1. I wouldnt expect any headliner to be structural, but if its keeping the bulkheads in place, I wouldnt mess with THEM.
2. Alternative to removing all the headliner, one could use a hole saw to access the underside of the cabin top and have much smaller panels to fabricate. and much nicer, if the fastening comes undone and the panel takes flight under way - people stick their families down there to keep them safe at times.
3. be careful with the insulation selection or you may get mold growing in it.
4. and whats wrong with shoving wires in between the headliner and deck?
10-15-2009 12:27 PM
I have obtained a solar panel that I want to install on the sliding hatch cover. I know it is not the best place to obtain maximum output, but it is more than enough for my needs. In doing so I will be removing the sliding hatch cover and I want to pot all of the fastener holes. This led me to want to rebed all of my thru deck hardware.
Now I come to the issue of the headliner. The molded, single pice headliner does not lend itself to filling a bunch of thru holes with epoxy, not mounting any deck hardware on the cabin top. I am thinkning of removing about 90% of the headliner. This will give me easy access to thru deck holes for potting them, allow me to run the wires for my solar panel where I want them instead of shoving them betwen the deck and headliner, and allow me to install some insulation to help keep the cabin cooler in the summer. I will then fabricate removable panels to replace the headliner.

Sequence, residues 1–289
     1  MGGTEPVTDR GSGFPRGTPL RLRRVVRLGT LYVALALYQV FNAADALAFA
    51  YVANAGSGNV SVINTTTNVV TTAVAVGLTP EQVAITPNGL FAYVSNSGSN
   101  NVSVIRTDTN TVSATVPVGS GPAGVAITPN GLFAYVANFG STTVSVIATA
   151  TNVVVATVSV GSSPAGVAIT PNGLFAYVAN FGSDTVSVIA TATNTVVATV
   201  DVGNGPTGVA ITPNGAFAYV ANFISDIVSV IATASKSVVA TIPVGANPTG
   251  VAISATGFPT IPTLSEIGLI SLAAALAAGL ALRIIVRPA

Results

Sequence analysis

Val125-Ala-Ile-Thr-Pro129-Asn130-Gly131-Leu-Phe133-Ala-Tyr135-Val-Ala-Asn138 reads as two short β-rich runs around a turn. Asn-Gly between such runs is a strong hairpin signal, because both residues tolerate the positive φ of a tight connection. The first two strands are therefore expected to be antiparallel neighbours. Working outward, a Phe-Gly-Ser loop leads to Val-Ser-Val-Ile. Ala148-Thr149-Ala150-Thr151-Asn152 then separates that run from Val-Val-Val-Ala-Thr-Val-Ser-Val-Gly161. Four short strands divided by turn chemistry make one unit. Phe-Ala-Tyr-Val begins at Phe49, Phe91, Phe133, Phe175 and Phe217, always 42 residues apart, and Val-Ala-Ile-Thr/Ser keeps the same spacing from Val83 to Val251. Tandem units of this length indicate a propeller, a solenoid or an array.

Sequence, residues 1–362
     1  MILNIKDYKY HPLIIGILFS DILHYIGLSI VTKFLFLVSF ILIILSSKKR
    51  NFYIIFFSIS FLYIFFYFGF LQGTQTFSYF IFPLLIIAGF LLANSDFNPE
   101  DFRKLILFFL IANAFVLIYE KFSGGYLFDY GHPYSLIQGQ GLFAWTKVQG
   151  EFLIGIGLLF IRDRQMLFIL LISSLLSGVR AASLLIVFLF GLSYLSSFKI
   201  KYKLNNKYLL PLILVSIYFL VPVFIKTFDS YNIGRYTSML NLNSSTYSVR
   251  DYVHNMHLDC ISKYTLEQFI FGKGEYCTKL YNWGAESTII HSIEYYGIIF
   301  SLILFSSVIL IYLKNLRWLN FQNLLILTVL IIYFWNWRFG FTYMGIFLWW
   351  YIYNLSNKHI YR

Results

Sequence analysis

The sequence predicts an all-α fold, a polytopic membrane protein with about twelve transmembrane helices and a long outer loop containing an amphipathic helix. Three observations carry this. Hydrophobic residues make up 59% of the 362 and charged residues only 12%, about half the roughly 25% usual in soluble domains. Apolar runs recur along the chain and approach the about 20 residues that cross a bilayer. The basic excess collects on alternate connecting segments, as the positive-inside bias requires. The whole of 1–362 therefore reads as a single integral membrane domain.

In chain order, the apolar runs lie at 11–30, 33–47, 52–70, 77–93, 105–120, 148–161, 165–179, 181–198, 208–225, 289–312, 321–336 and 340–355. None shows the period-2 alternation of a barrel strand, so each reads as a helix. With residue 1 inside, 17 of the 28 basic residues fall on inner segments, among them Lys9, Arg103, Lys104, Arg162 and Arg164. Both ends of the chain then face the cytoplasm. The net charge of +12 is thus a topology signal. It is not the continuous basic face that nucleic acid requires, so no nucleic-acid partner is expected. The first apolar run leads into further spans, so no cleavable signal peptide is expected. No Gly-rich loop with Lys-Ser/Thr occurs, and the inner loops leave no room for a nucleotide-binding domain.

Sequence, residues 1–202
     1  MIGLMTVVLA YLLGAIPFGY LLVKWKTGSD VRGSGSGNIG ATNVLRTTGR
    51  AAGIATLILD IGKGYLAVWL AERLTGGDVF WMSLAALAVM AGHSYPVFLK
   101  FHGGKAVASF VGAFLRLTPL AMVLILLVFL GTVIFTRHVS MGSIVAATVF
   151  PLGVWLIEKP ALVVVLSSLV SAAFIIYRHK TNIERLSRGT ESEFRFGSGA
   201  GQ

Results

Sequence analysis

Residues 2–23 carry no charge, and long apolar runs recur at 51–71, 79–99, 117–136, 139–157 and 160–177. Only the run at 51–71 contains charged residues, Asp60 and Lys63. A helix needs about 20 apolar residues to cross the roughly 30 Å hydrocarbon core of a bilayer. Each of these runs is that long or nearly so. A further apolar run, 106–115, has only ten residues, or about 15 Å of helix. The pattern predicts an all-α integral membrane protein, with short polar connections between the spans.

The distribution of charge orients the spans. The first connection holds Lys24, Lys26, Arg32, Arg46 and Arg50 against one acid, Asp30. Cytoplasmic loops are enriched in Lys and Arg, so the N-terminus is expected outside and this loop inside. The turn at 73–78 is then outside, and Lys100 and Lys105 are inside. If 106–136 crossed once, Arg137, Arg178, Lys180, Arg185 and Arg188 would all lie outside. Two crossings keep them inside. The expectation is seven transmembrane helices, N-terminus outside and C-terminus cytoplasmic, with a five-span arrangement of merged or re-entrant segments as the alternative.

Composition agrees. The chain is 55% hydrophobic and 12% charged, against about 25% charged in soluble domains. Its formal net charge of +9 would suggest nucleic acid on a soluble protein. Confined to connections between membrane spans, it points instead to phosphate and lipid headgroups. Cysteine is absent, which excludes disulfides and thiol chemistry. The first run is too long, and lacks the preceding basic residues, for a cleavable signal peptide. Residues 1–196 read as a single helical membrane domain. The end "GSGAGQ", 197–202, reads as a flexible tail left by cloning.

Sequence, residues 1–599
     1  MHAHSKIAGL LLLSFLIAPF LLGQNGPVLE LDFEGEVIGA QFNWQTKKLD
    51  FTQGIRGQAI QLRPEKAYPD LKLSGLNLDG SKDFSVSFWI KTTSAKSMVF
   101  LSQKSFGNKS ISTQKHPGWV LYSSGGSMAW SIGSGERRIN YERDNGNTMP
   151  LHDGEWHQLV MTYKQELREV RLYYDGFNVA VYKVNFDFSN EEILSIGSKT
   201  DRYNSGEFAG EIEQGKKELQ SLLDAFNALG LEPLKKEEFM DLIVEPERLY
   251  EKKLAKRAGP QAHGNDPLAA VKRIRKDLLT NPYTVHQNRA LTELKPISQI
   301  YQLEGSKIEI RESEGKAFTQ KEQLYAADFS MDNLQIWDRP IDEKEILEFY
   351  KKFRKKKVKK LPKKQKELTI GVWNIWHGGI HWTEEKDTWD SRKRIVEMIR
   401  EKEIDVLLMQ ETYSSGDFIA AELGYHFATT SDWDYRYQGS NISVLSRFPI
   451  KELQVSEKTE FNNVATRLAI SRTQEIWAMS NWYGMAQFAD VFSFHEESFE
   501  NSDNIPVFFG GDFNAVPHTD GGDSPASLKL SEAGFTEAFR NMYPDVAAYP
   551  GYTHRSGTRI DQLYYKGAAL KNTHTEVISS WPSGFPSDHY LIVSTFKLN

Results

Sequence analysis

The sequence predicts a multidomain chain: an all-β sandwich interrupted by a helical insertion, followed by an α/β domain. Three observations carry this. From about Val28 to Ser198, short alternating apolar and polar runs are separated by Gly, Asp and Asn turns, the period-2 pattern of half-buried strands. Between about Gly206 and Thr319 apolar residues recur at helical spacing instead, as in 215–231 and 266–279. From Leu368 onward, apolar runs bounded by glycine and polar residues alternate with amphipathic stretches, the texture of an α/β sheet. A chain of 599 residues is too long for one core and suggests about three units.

My concern is at the bulkheads on either side of the head. In the headliner there are chanels the that the plywood bulkheads go into. I think they are cosmetic (so you don't have to worry about the joint), but I have heard the channels are structural. I do not want to remove part of the boat structure. When I look at the bulkhead to headliner joint, I can actually fit my finger between the base of the chanel and the plywood bulkhead.
Does anyone know if any part of the headliner is structural?